Student Brandon Yang has reportedly aced the LSAT after binge-watching the popular Netflix documentary series Making A Murderer in less than two days. The series, which follows the real life case of Steven Avery, who was put on trial for the murder of Teresa Halbach after being wrongfully convicted years prior, reportedly taught Yang everything he needed to know about the legal system. “I said ‘that can’t be legal’ so many times while watching with my friends that they urged me to take the LSAT so I can continue fighting injustice with my impeccable knowledge of the judicial system,” Yang said, tending to his shrine devoted to Steven Avery’s lawyer/normcore icon Dean Strang and leafing through bestselling crime thriller Kiss The Girls (per Brendan Dassey’s recommendation). “Watching Strang do his work was inspiring, too. Not only is he an ace attorney but the man is sex on a stick in dad jeans.”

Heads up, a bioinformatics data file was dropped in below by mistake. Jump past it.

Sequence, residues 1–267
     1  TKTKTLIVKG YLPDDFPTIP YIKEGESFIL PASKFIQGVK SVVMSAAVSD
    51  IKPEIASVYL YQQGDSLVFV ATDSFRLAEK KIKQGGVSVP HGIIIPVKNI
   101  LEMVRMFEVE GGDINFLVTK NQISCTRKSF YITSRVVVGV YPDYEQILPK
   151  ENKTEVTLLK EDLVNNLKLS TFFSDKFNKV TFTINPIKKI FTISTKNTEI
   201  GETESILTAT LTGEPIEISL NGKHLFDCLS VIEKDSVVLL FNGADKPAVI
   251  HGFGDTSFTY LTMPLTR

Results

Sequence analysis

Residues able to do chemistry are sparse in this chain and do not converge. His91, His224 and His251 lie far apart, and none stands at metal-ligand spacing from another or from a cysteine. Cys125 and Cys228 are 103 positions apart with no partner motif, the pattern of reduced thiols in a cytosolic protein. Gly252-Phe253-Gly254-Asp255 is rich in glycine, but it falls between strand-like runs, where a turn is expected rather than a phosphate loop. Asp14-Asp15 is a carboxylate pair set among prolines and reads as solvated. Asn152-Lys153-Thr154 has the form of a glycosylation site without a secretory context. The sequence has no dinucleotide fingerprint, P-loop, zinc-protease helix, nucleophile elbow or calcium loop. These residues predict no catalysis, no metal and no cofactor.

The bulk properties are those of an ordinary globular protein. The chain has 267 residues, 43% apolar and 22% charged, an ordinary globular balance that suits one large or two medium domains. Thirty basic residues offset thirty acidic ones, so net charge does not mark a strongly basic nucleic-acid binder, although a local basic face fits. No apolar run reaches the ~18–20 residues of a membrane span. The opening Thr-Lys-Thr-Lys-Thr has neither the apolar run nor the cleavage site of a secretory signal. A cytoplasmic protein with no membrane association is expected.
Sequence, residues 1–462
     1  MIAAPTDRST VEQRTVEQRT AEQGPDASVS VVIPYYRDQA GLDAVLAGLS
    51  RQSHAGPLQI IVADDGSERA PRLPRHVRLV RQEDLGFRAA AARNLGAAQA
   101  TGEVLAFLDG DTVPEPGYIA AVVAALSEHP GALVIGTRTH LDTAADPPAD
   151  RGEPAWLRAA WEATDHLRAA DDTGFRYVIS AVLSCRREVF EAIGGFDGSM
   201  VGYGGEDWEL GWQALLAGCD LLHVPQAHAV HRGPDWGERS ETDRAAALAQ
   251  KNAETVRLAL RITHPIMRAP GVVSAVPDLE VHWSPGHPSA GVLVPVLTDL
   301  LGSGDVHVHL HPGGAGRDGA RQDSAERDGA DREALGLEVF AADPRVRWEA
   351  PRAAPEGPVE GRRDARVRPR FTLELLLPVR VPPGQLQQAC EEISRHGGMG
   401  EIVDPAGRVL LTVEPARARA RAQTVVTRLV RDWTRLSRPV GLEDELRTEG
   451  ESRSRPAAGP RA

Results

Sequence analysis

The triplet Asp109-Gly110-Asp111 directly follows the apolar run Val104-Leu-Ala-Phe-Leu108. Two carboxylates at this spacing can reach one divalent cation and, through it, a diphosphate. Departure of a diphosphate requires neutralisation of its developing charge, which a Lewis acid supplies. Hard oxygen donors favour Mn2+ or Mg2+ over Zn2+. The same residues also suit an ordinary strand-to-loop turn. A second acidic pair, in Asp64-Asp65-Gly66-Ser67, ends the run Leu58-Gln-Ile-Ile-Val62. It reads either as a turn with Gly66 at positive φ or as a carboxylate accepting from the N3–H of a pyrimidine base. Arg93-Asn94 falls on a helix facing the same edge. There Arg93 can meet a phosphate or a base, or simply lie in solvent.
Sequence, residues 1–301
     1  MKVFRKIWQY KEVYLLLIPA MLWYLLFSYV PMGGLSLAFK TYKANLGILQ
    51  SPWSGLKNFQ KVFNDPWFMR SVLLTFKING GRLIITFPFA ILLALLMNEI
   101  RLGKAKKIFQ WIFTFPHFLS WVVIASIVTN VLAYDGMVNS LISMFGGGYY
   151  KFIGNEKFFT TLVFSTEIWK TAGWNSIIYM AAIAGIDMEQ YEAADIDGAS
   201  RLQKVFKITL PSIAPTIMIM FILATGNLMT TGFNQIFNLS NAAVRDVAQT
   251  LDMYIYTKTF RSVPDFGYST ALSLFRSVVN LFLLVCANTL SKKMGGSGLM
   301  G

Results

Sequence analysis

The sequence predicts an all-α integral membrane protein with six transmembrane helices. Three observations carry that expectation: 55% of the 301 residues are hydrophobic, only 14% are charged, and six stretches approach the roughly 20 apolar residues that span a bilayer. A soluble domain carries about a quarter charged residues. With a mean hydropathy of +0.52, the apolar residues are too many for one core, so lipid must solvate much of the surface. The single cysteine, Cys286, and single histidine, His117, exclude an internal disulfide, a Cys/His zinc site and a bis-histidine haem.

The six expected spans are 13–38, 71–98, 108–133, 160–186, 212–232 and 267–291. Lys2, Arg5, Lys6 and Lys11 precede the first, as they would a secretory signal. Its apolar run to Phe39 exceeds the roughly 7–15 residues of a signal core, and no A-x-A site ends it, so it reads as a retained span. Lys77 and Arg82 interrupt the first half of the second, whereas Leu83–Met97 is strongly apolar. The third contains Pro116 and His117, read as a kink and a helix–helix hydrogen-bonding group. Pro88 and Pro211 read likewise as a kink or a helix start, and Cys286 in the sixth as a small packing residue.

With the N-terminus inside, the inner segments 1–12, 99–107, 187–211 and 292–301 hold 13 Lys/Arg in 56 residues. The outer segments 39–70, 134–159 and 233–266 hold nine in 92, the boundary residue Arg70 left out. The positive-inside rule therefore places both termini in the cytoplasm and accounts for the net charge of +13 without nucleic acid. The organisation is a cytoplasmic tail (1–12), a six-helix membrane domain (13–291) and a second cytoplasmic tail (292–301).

“It’s quite remarkable, actually,” said proctor Lisa Sanchez. “I haven’t seen a Netflix show inspire someone this much since my cousin Arturo decided to major in poly sci because of House of Cards. He now hopes to become a high-ranking government official who makes even his closest allies nervous, and he also keeps on talking to an imaginary audience and pushing people in front of trains. It’s great to see such passion.”
Yang cites the Making A Murderer Subreddit as his main source of study material for the LSAT, as well as the numerous thinkpieces and recaps of the series. “It’s amazing how many articles about the show there are out there and written by people who definitely know what they’re talking about and aren’t amateur enthusiasts in the legal system,” Yang said. “I also got a sweet deal on this baby!” He exclaimed, showing off a tattoo on his ass that says “This is a red letter day for the defense.” in cursive with hearts around it.
Yang is reportedly planning on starting his own firm soon but only after he finishes listening to Serial and watching American Crime Story: The People vs. OJ Simpson. “I can’t get too ahead of myself. I’ve got just a little more learning to do,” Yang said as his text tone, the Law & Order “dun dun” sound effect, went off.